On July 30th, Intel hosted the second meeting of the US Department of Commerce Data Advisory Council at our headquarters in Santa Clara, California. The primary building of our headquarters, and where the meeting was located, is named after Robert Noyce. Noyce co-founded Intel with Gordon Moore and was the first Intel Chief Executive Officer. It was fitting that the meeting was held in the heart of Silicon Valley in a building named after one of the foremost visionaries of the technology that now drives the data economy.
Kim Stevenson, Intel’s Vice President and Chief Information Officer, co-chairs the Council. Kim communicated at the meeting how Intel carries forward the Robert Noyce legacy by using data innovation inside Intel to utilize the power of Moore’s Law to bring smart, connected devices to every person on Earth. Noyce was famous for saying (and the quote is on the wall of the lobby of the building that bears his name) “Don’t be encumbered by history. Go off and do something wonderful.”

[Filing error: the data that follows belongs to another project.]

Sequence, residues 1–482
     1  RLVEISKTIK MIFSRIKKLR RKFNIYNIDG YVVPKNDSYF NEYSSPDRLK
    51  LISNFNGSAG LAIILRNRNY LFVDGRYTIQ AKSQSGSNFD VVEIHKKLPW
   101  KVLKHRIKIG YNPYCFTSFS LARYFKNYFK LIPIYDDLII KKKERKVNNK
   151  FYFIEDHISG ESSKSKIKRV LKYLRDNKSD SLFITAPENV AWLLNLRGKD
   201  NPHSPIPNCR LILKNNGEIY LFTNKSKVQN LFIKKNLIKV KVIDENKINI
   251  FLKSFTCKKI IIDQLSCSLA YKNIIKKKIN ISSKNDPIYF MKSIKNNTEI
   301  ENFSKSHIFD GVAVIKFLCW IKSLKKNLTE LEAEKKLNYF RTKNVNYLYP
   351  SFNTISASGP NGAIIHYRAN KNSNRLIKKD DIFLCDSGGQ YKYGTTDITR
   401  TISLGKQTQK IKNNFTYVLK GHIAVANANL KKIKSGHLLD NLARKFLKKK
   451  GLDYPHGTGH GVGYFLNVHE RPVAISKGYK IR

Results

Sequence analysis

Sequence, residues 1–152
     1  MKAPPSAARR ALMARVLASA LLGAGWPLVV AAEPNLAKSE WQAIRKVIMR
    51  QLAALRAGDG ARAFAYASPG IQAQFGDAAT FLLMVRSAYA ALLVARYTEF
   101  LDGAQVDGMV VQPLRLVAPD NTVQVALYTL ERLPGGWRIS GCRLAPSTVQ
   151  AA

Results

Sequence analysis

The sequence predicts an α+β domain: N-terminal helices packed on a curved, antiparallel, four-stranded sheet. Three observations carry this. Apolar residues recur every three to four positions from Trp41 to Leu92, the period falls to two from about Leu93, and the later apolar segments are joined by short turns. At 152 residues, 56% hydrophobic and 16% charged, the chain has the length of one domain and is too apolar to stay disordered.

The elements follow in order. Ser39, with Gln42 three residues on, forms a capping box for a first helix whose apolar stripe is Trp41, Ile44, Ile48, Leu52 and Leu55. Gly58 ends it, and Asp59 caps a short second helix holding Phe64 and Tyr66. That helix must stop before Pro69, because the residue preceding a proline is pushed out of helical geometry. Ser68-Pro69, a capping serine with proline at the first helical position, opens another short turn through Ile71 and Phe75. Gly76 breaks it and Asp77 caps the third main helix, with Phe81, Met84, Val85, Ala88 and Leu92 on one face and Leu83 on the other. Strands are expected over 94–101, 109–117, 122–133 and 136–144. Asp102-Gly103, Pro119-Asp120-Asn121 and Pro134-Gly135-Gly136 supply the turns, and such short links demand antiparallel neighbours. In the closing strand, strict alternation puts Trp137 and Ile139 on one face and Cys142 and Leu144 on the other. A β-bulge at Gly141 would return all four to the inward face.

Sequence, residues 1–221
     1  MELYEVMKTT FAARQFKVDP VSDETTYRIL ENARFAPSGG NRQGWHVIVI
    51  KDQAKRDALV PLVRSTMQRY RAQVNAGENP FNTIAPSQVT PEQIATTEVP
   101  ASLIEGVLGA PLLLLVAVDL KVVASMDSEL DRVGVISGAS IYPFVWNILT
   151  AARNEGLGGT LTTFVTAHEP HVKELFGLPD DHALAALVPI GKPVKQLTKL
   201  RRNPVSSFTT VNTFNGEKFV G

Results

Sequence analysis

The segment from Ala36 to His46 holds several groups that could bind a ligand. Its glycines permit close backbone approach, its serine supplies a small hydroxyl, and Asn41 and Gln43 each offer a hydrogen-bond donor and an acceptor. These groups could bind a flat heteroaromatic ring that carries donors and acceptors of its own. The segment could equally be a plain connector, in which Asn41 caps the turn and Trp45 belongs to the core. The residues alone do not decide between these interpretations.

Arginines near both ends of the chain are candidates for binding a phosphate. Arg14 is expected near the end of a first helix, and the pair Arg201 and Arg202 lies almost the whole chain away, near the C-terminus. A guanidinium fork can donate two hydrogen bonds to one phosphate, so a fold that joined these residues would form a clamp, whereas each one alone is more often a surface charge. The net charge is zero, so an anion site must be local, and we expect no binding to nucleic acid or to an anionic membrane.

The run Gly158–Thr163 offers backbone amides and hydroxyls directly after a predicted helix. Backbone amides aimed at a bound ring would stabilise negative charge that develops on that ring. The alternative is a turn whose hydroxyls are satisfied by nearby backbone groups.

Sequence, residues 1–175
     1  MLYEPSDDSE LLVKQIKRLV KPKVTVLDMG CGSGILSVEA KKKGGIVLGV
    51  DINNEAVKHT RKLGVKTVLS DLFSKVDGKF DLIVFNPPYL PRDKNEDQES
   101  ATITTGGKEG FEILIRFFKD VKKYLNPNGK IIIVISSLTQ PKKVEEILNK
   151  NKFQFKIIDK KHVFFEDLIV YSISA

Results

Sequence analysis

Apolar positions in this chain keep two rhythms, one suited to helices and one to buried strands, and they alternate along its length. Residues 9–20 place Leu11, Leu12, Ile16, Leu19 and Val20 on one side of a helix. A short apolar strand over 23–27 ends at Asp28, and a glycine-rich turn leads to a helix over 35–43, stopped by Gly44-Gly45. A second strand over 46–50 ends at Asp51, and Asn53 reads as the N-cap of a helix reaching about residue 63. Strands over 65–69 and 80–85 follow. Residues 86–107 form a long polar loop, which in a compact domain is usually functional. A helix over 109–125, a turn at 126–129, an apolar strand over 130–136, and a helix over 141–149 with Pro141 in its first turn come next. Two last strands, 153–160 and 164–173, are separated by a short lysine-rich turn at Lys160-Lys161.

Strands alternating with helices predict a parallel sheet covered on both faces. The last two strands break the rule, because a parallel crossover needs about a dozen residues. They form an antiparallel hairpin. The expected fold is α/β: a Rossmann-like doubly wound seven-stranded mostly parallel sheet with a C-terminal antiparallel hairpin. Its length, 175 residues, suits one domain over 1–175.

One of the best ways to empower people to do something wonderful is to put them in small teams, give them resources and then let them find opportunities to innovate. Kim Stevenson’s organization takes just that approach with something she calls 5 + 6 = 10. While the love of traditional math is part of Intel’s DNA, we also love this “new math”. The equation stands for forming teams of 5 people, giving them 6 months, and then expecting a $10 million return on investment.
The Department of Commerce announced at the meeting an exciting plan that follows the same model. Ian Kalin, Commerce’s Chief Data Officer, used the meeting to formally launch the Commerce Data Corps. Commerce will form small teams and send them out to help components of the agency get value from the data they collect and hold. Creating innovation in large organizations can be challenging, but empowering small teams is a good way to get results.
As Commerce changes the way it uses data, it also plans to innovate data economy public policy. Alan Davidson, a veteran of decades of internet policy innovation, has joined the Department of Commerce as the Director of Digital Economy and Senior Advisor to the Secretary. Alan laid out his strategy for building the next layer of the internet public policy structure. The four parts of the plan are: 1. Global free exchange of information, 2. Trust and security online, 3. Access and skills, and 4. Emerging technologies and innovation. Intel welcomes Commerce’s focus on these areas of public policy. They align with the areas where progress is necessary to allow all organizations to practice the new math of the data economy and honor Robert Noyce by doing something wonderful.